We have been blessed in my family to have a great place to spend summer vacations.
While other folks take a trip to the beach, visit Baxter State Park or pitch a tent, we head to camp.
My great-grandfather had the presence of mind in 1907 to purchase a large piece of lakefront property on Sebago Lake. He subsequently sold it but, realizing the error of his ways, later bought back a smaller parcel that has remained in the family.
Ah, camp, sweet camp.
It’s not a summer home, a vacation house, a cabin or a cottage. My grandmother saw our original two-room building on the side of the road, purchased it and had it transported to its current location back in the ’50s.
On the surface, it’s the perfect arrangement. If you are willing to overlook the exorbitant property taxes.
The front steps are 100 feet or so from the shore of Sebago Lake (the water source for the Portland Water District), which is prime water for swimming, boating, fishing and other recreational activities.
It would be reasonable for you to assume that since I recently took over as the Bangor Daily News Outdoors Editor, I spend countless hours trolling Maine’s second largest lake for its world-renowned landlocked salmon and trophy lake trout. Or even casting from shore for smallmouth bass.
If only it were so.
I leave that privilege mostly to my young cousins in the Raymond family — Kent, Nolan and Kristany — and cousin Melissa Savage. Even my son William, a more recent fishing aficionado, gets out more than I do.
I get out on the water now and again. But the time spent with rod in hand is limited to occasional, and usually brief, forays in our 14-foot MirroCraft (circa 1964).
Even the once trusty boat now requires repairs, its seat benches cracked, rivets popping and aluminum hull ground thin by years of hauling it across the rocks and sand.
Truth be told, I spend more time being taunted by the natural beauty of the lake and its outdoors opportunities than I do enjoying it.
If you have a camp — and it wasn’t built in the last 5-10 years — you may know what I’m talking about.
Camps need work, constant upkeep, to remain functional and comfortable. That’s especially true of older buildings like ours that have fading or peeling paint, inefficient windows and doors, aging outdoor plumbing and curling shingles.
Camp owners also have to deal with mowing the lawn, picking up downed limbs and branches, and sawing up fallen trees for firewood.
The net result, short of shelling out big-time money to have the work done by professionals, is to play handyman.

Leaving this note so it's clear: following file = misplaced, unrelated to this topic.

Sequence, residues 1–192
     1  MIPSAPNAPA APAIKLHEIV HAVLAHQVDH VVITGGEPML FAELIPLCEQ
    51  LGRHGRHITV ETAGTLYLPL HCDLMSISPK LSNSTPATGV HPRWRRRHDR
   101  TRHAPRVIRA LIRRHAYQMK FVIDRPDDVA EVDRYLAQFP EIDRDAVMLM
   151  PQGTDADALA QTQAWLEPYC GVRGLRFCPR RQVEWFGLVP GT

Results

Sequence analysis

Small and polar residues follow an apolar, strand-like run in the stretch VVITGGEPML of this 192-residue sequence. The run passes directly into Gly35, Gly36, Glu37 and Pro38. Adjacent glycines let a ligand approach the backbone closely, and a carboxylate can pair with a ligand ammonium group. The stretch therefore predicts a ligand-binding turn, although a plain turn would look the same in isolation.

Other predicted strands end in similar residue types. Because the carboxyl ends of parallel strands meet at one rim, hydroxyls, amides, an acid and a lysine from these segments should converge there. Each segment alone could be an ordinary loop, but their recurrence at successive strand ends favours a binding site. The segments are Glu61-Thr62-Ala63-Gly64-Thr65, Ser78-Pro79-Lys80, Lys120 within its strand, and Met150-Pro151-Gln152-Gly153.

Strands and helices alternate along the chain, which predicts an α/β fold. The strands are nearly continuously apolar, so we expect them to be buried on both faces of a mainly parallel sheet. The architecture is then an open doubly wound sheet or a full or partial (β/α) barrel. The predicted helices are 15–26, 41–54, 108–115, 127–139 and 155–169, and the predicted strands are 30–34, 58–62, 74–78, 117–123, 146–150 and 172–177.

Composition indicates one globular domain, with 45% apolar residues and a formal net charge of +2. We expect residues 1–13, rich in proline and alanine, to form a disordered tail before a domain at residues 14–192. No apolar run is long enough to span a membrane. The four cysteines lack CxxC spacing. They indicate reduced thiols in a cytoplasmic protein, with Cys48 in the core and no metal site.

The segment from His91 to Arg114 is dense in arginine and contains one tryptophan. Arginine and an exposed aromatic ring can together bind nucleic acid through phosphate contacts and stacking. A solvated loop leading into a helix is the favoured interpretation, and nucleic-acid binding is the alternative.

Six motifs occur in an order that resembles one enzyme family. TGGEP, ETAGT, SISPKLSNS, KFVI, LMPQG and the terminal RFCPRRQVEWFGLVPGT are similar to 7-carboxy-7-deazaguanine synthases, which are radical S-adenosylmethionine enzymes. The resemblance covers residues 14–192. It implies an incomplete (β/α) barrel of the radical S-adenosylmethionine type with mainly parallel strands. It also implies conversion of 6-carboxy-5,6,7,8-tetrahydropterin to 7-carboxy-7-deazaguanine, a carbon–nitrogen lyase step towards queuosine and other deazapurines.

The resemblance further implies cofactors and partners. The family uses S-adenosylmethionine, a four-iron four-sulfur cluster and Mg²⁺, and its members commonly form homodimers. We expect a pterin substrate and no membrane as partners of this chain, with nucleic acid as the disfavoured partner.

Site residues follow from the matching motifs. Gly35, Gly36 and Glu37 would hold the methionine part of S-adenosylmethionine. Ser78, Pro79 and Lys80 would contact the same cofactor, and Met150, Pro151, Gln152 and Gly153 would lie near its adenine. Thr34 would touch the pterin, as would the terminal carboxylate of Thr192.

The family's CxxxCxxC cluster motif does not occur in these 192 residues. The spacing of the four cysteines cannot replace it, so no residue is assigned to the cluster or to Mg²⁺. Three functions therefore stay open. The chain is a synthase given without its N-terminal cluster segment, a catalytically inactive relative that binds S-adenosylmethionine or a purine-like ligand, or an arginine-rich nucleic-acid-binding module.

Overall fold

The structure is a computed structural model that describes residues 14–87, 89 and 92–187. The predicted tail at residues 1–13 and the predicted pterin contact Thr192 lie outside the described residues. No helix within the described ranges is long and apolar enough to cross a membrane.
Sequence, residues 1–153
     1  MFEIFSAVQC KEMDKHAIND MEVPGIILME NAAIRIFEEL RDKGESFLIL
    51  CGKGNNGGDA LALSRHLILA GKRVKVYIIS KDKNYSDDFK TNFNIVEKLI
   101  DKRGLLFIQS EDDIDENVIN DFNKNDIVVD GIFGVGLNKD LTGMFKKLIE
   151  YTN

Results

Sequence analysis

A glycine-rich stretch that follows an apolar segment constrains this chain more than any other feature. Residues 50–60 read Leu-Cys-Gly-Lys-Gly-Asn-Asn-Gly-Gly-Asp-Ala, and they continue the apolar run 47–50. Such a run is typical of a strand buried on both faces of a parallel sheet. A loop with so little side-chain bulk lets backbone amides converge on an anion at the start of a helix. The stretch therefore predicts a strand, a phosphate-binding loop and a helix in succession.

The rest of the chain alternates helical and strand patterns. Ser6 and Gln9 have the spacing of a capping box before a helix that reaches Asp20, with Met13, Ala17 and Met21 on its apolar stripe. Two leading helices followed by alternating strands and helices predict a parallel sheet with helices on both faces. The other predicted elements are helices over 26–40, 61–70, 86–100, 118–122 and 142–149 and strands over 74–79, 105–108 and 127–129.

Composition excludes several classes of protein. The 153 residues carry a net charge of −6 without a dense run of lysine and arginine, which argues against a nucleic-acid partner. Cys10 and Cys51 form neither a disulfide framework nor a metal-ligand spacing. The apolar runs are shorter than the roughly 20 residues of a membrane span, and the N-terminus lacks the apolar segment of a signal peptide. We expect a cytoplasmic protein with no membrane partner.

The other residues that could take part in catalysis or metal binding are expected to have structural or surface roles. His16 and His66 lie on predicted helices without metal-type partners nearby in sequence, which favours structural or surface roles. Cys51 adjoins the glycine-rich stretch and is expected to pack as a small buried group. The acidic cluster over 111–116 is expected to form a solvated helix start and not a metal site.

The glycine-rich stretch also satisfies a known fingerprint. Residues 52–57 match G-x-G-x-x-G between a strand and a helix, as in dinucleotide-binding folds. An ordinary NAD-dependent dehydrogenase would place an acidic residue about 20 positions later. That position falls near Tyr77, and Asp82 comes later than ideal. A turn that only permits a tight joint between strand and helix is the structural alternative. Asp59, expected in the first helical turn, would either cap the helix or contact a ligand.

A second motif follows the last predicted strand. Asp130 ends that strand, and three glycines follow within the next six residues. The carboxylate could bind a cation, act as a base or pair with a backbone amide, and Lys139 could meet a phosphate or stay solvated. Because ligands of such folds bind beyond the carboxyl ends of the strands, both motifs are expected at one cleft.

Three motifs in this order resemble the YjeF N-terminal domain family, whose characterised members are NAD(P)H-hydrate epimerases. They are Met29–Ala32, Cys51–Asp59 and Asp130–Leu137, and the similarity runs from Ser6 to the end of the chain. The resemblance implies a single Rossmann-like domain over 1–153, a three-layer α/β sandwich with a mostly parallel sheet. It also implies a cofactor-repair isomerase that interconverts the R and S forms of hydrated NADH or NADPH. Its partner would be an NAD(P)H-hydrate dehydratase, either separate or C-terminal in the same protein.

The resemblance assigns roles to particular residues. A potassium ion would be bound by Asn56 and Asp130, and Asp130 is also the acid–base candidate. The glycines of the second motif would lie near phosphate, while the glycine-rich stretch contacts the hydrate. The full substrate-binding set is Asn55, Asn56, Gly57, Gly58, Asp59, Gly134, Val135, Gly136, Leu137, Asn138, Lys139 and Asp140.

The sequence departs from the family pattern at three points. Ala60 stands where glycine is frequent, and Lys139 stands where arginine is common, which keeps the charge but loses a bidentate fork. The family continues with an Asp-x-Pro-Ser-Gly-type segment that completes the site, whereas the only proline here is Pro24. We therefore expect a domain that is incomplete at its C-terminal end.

Last weekend, at the end of a vacation, I spent the better part of two days up on the roof. Fortunately, the ample shade and comfortable temperatures meant the experience was somehow less of a hassle.
I took one selfie from atop the small front bedroom. It originally was a porch and features a relatively flat roof.
Oh, and yes, that’s organic matter growing on the portion of the roof pictured behind me. I understand a zinc strip can help prevent that dynamic. Live and learn.
Needless to say, the rooftop provides a gorgeous view of the water, where vacationers frolicked on their speed boats and jet skis, trolled the shoreline, paddled their canoes and kayaks, and splashed in the water with glee.
It would be a great location for a little second-story porch. If I had that kind of carpentry expertise.
The jury is still out on whether the roof repair will keep water from seeping into the bedroom ceiling, which is an unfinished part of the project that will be addressed the next time.
In some respects, channeling my inner Bob Vila brings its own sense of satisfaction. I know any work I do will help us better enjoy our time at camp and, hopefully, reduce the amount of work that will have to be done once I hang up the hammer for good.
I did go for a two-hour troll during vacation week with Melissa and Will. Apparently, my piloting skills with three lines out needs some practice.
With a south wind blowing us sideways, the line from the bow rod was severed by the outboard propeller, although we were able to salvage it and the gear — because it became entangled in the propeller.
Melissa had one sewed-on shiner stripped off by a salmon, but that was the extent of the excitement. We did enjoy a nice ride and some great conversation.
There’s one other important reality about spending vacations at camp. Those are days that zero work gets done at home.
My wife Annia will tell you I have (for years) let several house projects fall by the wayside as a result.
In the meantime, there is still a lengthy list of needed camp repairs. Whether they happen this year, or sometime down the road, remains to be seen.
Actually, let’s get real. They won’t all get done this year. I don’t have that much vacation time.
And there are fish to be caught.